Preserved Cognitive Functions in Dementia

  • William W. Beatty
Part of the Human Neuropsychology book series (HN)


Recent neuropsychological studies have established that there are marked differences in the pattern of loss and preservation of cognitive function among patients with dementias of differing etiologies. These distinctions are most clear early in the course of the patients’ illnesses, when the patients would be considered mildly or moderately demented on the basis of their scores on standard mental status examinations. As the dementias progress, their distinctive cognitive features tend to blur, yet some patients who have suffered severe losses in most areas of mental functioning retain the capacity to perform some skilled activities remarkably well. The major purpose of this chapter is to describe several of these cases, attempting to identify common features of these preserved cognitive capacities. To provide a background from which to consider the severely demented patients’ performances, I will first review recent findings concerning cognitive functions that are relatively well preserved in less seriously demented patients.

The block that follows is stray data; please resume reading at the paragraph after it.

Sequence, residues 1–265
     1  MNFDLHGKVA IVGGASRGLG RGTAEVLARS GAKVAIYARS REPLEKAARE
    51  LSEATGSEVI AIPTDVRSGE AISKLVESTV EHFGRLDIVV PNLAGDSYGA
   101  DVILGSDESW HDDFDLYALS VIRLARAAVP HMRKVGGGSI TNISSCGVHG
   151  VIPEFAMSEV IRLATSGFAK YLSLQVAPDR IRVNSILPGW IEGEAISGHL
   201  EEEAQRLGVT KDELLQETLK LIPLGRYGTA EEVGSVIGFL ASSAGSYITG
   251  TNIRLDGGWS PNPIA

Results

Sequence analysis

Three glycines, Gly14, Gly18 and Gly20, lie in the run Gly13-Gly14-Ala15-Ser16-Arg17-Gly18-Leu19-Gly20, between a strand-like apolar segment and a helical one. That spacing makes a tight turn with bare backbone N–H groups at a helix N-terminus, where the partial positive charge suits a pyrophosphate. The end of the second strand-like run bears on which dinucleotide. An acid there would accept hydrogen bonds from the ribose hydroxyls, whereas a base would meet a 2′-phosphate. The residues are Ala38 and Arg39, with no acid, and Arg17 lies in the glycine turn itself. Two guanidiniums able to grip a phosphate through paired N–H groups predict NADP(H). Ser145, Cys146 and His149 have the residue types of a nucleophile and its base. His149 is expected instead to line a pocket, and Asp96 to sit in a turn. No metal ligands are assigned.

Proactive Interference Retrograde Amnesia Demented Patient Remote Memory Amnesic Patient 


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Copyright information

© Plenum Press, New York 1988

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  • William W. Beatty

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